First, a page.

When my children were born I promised them and I promised myself that I wouldn’t let life make me miss their events. Well, it was a nice thought, but probably not very realistic. Being an adult involves tough decisions and the reality that you can’t be everywhere or do everything. The kids understand that Dad is a farmer and that there are times I just cannot attend their events no matter how bad I might want to.
Crops need planted, cows need calved and hay needs baled at a certain time and those deadlines are not flexible. However, there are a lot of things that do allow me the flexibility to attend games, recitals, school programs and, up until last week, field trips. Too often we fall into the trap of being “too busy” when often the things we are too busy for will wait until later.
Often I find myself feeling comfortable with my life.  I trick myself into thinking my children will remain the same age and the people in my life will always be around. I fall into the trap that the “here and now” will be the “here forever”. The fact of the matter, is that the time we are living in right now will be past us in a blink of an eye. Nothing is constant in this life, except for change.
Times like this make me realize how lucky I am. Oh sure I whine about being busy and complain about how hectic it all is. But in the final analysis, I am so lucky to be involved in a family business where I work with my family every day, a business where I have freedom to make my own decisions. I am lucky to live in a community where we all care for each other, know our neighbors and have the opportunity to spend time with my kids and their friends.
I have talked to my friends who have older kids and I know this time will be gone in a flash and the extra time will leave me wondering how the years went by so fast. I also know that life can change in a flash, and I don’t want to regret anything I might not have done. Every day, every event and every moment is a blessing and one that we need to stop and enjoy. I am sorry if this column is too sappy, but once in a while we need to be reminded who good our life is, how fast it flies by and how lucky we are for each day.
The afore mentioned events and notices of last week made me realize that we need to take advantage of each day we are given. Even if that day includes driving three loud, foul-smelling boys home from baseball practice with the radio blaring. We need to go on field trips with three rowdy girls who insist on screaming and running through the zoo, disturbing the peace of the residents. So Mr. Tiger laugh all you want to, mock me if you want Ms. Chimp, I will take my chances with the dangerous animals on the outside of the glass. I wouldn’t trade these moments for anything.

Wednesday, May 16, 2012

Mother's Day Farm Style

Last Sunday was Mother’s Day and if I had the timing down on this column I would have written it last week. But anyone who knows me also knows that timing is not one of my strengths. It is yet another cross my poor wife must bear. Jennifer should get to celebrate Mother’s Day quarterly instead of annually.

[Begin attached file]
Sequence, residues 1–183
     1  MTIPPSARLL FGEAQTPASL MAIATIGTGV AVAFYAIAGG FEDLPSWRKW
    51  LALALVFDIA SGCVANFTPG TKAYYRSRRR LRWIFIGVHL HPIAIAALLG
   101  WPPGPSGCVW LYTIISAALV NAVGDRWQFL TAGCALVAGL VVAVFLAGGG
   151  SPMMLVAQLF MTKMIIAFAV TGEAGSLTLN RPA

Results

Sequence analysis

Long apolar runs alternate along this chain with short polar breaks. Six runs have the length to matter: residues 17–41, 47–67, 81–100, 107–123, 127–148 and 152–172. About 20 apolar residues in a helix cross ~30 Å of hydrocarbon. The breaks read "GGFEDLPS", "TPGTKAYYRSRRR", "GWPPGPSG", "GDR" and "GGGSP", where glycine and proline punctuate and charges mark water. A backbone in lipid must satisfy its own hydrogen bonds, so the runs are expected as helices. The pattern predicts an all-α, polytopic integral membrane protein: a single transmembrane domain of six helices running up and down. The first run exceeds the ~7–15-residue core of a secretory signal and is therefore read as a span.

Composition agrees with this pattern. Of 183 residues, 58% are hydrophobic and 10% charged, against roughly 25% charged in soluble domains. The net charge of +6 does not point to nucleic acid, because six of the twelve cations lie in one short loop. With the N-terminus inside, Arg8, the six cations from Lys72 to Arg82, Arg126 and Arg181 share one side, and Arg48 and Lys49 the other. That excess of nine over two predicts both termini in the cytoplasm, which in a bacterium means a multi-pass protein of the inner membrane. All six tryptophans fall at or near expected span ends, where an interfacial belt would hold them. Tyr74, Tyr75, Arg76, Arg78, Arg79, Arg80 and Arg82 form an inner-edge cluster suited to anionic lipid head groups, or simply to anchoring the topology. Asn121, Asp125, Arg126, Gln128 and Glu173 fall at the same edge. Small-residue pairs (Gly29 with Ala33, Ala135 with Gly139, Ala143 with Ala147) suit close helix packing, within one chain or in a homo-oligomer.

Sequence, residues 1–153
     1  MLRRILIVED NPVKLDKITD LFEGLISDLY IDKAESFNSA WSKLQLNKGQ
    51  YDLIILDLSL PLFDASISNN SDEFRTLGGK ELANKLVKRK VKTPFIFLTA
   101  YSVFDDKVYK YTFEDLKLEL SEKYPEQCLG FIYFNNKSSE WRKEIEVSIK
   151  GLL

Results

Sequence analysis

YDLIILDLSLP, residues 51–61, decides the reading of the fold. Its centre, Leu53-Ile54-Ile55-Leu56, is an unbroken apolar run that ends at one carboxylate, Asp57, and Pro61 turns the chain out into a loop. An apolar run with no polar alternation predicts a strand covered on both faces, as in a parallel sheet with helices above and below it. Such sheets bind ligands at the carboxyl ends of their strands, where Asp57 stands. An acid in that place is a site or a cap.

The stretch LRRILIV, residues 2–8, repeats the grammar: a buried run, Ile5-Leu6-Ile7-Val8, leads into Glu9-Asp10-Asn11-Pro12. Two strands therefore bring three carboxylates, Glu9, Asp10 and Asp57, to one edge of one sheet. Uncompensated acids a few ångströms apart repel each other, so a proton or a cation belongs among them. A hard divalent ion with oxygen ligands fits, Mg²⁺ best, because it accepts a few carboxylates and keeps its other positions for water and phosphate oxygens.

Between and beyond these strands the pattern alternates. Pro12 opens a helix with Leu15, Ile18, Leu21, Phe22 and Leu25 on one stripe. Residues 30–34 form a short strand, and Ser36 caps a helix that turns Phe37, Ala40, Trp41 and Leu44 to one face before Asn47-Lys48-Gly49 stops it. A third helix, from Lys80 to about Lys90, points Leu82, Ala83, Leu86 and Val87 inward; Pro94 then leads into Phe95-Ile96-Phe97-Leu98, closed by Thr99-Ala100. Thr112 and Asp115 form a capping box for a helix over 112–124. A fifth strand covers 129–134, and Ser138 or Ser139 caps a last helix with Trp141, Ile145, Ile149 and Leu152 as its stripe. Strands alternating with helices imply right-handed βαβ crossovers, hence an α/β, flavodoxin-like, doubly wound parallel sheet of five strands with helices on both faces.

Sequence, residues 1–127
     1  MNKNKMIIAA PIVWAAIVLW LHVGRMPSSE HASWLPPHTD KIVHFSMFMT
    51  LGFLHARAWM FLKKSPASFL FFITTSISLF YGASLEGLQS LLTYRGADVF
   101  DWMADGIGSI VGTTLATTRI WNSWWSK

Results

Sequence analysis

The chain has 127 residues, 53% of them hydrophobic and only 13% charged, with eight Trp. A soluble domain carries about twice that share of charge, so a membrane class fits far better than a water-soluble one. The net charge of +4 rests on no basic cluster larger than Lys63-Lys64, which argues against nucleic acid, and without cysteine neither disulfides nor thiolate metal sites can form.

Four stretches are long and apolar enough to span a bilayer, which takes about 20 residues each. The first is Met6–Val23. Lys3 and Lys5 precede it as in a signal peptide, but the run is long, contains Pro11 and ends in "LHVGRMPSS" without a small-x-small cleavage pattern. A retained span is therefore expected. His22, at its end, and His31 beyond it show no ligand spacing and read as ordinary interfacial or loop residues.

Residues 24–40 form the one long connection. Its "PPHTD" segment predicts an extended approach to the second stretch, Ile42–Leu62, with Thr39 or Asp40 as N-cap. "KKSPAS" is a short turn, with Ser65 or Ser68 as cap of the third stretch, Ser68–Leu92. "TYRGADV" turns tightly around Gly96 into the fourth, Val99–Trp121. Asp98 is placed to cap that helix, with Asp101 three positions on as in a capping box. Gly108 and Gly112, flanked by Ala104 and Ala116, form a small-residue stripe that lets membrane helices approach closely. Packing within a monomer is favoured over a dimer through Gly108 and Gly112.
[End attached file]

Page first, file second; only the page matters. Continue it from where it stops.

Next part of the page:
Like many farm and ranch wives, Jennifer’s day starts early. Our alarm goes off at 5:30 in the morning, breakfast is made, kids are awakened and we are out the door around 6:30 to do chores. After chores, Jennifer goes back into the house and gets ready for work. She and the kids are out the door by 7:30 and headed for the school.
During the day, Jennifer works at our local school. As with most farm families, we rely on her off-farm job for our health insurance. Then after a long day of work, she comes home to help on the farm, do more chores, take the kids places, prepare meals, do the laundry and clean house. The weekends only bring more places to go, farm tasks to complete and very little rest and relaxation. Top that off she has to deal with two teenagers and a grumpy husband, it’s a life I suspect many of you can identify with
Farm and ranch wives are a special class of people and my wife is one of the most special I know. She works at two jobs and makes too many sacrifices for our family. Her sacrifice is best summed up in her Mother’s Day gift request. She asked for a metal gate.
How many women ask for a metal gate for Mother’s Day? Actually her request was for several metal gates and the corresponding new fence that would go with them. She made this request this past Sunday as we fixed fence to allow the ewes to graze. The metal gate in question would replace the “temporary” wire gate to the calving pasture.
Her other request was for a crock pot with a timer. Our Saturdays are often very busy with farm related tasks. Many of these days Jennifer puts something in the crock pot so we can have a warm meal at noon. Crock pot meals are also very frequent attractions in the evening. A sit-down supper is something we try to adhere to as a family most nights.